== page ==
Google Maps led us through one such estate and towards a park, where we eventually spotted a sort of clubhouse building with ‘AFC BUTETOWN’ emblazoned across it. We thought we’d found our destination, but instead all we found either side of the building was a playground and a small football court, which I was fairly confident was not the home of the local football team. Then, on turning around, I spotted 22 players kicking off on a nearby pitch.
Fair to say, the ‘San Siro’ isn’t quite the same as Milan’s famous stadium, but you do get a quite nice view of the Millennium Stadium towering over Cardiff in the background. This is about as basic a ground I’ve been to with it only really consisting of a fenced off pitch and two dugouts with sort of cage doors (the poor away team, Abercarn, had their cage door locked bless them).
The club itself are a fairly new one with the club only being formed 20 years before. They currently find themselves playing in the South Wales Alliance Premier League.
In a running theme for games since I’ve been back in Wales, representatives of each team were left to ‘run the line’; as the inverted commas may suggest, they didn’t really run. In fact, now I think about it, I’ve been to 5 games since I’ve been home in Wales and only 1 of them has had 3 officials – Abergavenny Town v Llandrinod Wells.
The game itself was fairly entertaining without really getting the pulse racing either. Abercarn, in black and white striped shirts, started the better team before Butetown started to take command of the game. It did get fairly scrappy though.
Me and Sean decided to go for a lap of the San Siro and have a nose around – not that there was too much to see. Sean commented that the place didn’t seem anywhere near intimidating as his mates had made out. He suggested that perhaps they purely attributed the San Siro’s notoriety because there was one tower block behind one of the goals; there is a very pleasant, modern looking community centre next to this too.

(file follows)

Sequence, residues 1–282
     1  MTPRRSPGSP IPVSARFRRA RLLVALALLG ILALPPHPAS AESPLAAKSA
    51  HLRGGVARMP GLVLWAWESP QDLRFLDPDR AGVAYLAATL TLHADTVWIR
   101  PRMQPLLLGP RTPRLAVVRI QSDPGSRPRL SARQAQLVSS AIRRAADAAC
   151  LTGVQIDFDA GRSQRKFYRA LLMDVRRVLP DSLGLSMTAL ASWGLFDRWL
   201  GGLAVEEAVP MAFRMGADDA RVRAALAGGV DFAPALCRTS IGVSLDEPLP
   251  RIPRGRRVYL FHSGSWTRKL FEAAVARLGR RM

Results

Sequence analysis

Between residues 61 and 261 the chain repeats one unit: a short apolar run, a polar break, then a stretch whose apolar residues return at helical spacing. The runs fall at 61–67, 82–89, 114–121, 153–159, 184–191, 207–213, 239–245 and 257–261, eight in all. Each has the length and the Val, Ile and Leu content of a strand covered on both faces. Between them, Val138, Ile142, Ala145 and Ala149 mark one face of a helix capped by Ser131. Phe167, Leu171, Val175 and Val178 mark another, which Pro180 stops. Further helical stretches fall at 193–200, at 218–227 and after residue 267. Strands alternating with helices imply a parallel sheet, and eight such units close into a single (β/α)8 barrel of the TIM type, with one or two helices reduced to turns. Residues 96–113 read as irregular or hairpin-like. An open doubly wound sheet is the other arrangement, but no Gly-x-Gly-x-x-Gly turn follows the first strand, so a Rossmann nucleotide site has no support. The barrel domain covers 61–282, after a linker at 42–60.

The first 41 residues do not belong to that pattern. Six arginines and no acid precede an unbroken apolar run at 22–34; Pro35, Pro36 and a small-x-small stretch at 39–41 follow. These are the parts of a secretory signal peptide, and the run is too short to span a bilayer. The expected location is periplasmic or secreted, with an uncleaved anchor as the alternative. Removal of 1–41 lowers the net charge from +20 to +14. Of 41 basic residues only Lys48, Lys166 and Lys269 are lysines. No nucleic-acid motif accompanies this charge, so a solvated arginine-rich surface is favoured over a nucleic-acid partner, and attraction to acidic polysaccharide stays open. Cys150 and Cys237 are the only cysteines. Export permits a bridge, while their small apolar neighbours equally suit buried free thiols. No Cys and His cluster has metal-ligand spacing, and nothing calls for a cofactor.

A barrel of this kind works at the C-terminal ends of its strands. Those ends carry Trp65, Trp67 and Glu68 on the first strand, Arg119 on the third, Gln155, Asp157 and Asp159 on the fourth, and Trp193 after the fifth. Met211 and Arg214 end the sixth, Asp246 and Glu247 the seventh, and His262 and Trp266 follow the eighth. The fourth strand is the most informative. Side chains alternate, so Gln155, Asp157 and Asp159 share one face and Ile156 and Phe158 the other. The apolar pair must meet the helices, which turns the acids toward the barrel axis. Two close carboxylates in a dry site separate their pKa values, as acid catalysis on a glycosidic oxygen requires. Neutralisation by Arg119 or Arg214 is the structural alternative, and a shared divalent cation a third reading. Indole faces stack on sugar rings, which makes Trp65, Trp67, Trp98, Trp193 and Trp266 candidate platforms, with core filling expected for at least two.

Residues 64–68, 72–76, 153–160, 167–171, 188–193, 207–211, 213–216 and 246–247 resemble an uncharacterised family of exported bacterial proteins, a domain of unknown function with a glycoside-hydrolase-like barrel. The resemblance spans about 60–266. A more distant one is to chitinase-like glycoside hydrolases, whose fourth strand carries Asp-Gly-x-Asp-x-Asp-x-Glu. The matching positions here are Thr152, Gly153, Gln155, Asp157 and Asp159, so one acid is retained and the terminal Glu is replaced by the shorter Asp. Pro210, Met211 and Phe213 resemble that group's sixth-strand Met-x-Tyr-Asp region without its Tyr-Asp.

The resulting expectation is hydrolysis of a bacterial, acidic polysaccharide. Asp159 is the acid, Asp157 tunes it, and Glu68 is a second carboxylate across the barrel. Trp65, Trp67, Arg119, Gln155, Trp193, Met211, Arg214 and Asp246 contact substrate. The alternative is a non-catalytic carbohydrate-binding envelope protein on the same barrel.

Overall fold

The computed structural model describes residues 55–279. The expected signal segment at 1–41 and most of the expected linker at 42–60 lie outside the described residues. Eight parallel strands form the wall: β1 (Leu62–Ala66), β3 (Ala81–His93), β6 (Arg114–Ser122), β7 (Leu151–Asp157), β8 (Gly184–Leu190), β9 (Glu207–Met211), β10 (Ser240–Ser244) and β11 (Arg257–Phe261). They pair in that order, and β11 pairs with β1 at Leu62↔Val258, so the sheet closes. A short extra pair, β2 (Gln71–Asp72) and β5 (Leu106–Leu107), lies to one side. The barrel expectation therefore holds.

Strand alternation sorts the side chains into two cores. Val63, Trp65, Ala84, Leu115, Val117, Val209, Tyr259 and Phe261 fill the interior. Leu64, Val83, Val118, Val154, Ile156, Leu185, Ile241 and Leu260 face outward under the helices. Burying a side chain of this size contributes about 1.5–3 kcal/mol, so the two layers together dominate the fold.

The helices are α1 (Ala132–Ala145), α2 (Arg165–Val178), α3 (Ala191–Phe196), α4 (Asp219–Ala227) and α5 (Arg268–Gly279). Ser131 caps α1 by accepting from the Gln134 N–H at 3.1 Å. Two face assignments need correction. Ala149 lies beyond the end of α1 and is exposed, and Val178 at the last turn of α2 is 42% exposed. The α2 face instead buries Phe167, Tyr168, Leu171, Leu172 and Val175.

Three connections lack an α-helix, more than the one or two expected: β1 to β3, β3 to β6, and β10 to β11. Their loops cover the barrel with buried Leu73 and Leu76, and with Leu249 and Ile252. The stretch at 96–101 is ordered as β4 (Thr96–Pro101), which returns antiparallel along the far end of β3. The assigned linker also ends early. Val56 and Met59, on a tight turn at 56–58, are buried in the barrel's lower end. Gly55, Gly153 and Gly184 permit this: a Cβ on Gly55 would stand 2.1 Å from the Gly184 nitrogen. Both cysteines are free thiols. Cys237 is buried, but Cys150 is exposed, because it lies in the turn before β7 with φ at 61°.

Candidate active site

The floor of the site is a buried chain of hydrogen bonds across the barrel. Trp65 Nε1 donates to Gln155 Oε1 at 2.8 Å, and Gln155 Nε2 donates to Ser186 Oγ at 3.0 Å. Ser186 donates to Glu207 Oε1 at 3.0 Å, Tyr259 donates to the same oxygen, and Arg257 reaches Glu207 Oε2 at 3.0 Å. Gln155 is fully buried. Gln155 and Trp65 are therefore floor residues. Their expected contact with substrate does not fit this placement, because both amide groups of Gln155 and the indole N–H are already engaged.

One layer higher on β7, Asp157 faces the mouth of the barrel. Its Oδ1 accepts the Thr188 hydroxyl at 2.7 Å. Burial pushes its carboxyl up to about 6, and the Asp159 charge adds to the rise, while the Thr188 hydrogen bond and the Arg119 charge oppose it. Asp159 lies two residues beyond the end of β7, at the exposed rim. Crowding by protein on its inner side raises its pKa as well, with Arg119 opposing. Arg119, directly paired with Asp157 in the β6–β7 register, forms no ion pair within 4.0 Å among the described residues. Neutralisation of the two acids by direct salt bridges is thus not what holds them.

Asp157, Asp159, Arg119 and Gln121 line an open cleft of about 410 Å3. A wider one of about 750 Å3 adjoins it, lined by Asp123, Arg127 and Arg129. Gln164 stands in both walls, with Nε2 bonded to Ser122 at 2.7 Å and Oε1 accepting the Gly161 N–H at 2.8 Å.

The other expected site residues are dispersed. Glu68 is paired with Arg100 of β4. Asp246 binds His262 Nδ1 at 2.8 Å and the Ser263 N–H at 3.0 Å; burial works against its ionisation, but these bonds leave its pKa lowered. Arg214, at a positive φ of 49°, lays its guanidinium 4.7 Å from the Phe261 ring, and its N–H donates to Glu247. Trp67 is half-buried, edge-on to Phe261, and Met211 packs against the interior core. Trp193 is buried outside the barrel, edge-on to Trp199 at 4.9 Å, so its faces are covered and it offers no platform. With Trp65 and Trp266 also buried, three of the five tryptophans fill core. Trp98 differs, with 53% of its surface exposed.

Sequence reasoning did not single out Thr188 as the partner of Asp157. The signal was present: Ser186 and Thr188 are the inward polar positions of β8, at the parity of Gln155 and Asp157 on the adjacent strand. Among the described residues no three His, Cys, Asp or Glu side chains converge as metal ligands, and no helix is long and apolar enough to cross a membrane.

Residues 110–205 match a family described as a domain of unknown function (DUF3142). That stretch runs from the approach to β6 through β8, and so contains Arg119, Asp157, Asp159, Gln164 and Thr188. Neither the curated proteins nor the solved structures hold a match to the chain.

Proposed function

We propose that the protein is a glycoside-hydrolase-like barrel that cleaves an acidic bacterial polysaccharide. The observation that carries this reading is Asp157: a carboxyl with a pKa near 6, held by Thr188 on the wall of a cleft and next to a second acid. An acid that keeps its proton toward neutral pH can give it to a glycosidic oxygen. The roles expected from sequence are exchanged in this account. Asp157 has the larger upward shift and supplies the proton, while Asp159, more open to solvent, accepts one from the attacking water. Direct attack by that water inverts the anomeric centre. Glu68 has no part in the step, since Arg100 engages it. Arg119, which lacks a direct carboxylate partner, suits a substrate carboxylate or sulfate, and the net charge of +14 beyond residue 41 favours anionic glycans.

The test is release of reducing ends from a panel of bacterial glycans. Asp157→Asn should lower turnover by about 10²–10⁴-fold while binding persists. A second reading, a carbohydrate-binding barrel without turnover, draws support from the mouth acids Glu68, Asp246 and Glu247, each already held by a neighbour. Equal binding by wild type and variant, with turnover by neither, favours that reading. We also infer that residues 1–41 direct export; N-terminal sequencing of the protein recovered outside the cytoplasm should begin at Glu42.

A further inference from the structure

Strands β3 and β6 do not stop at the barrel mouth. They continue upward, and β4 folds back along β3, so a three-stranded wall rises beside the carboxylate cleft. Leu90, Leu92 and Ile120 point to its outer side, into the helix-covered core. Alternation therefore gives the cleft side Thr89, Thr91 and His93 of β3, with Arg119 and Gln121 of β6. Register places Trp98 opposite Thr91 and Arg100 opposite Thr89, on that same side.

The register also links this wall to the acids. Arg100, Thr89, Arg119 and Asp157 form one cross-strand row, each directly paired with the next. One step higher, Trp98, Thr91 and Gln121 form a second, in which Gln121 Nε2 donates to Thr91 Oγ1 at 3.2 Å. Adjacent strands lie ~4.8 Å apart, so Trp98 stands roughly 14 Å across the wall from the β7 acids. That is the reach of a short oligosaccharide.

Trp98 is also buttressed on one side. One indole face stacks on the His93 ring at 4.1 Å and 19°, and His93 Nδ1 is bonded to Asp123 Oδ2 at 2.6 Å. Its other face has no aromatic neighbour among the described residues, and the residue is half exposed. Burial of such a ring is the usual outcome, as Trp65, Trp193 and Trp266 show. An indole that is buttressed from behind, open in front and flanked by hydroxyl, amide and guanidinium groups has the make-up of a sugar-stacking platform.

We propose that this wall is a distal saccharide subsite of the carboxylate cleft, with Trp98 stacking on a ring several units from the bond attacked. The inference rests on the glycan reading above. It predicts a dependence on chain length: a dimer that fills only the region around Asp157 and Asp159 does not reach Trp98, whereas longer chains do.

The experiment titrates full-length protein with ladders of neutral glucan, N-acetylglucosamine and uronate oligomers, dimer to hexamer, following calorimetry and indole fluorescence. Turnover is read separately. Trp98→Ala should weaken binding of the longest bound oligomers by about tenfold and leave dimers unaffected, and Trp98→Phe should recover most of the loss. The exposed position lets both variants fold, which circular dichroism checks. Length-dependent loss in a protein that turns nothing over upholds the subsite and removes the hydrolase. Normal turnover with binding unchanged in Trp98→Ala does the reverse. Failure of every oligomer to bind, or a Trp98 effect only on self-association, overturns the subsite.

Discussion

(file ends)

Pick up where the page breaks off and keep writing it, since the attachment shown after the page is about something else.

By the time, we had made our way around to the dugouts (double thumbs up photo achieved underneath the AFC Butetown sign) there was finally a goal. A ball over the top and the Butetown striker beat the keeper to the ball and dinked over him to make it 1 – 0.
The goal made me feel better as it kept my run of no 0-0s going. I’ve tried not to document it too much but I’m yet to see a 0-0 in 2015. This means every game I go to now I approach with trepidation, fearing that it’ll be the game to ruin my run. In fact, I only saw two 0-0s in the whole of 2014/2015 season and both of them were when Swansea were away from home with ten men, so I welcomed both those draws. So with the run of ‘goal games’ still on, I cheered Butetown’s opening goal fervently.
Half-time: AFC Butetown 1 – 0 Abercarn United.
What I did like a lot about Butetown was the community feel to the place. It seemed that many of the locals had come out to watch the game and everyone seemed to know each – players and spectators. Young lads were trolling into the dugout at half-time to steal a football to kickabout on the pitch and some of the players joined them, whilst others players walked along the touchline shaking several spectators hands. It was all very nice to see.
Then the teams came out for the second half and I had to look twice as I thought my Crawley-supporting pal Craig Bratt had been brought on up front for Abercarn. It turned out to just be a Craig Bratt impersonator though – he even played football as awfully as Craig does too.
The second half was much the same as the first half, although now Butetown were upping their game a bit and going for the win. Fake Craig Bratt just couldn’t hold the ball up front at all for Abercarn and possession was conceded relentlessly.
Abercarn’s keeper made a super save when Butetown fired at goal from inside the box, but the rebound fell nicely to another attacker who slotted home to make it 2-0 to the home team.
It was soon 3 – 0 shortly after, but I completely missed the goal as I was too busy taking photos of the tower block. I think it is fair to say that Butetown by now deserved their 3-0 advantage.
As the final whistle was about to blow, we began walking through the large grassy area behind the ground watching the game at a glance before the final whistle went.
Full-time: AFC Butetown 3 – 0 Abercarn United.
A pleasant evening of football all round.
Exactly as I had on the previous Tuesday, I had an hour to wait until my train, so I suggested that me and Sean once again finish our evening of Cardffian football night with a steak in Wetherspoon – it was steak night after all.
AFC Butetown seemed a good, community club and so I wish them well for the upcoming season.
Highlights: revisiting Cardiff Bay, good pubs, decent game.
Low Points: very basic ground.
See all my photos from my trip to Cardiff Bay and the ‘San Siro’ here.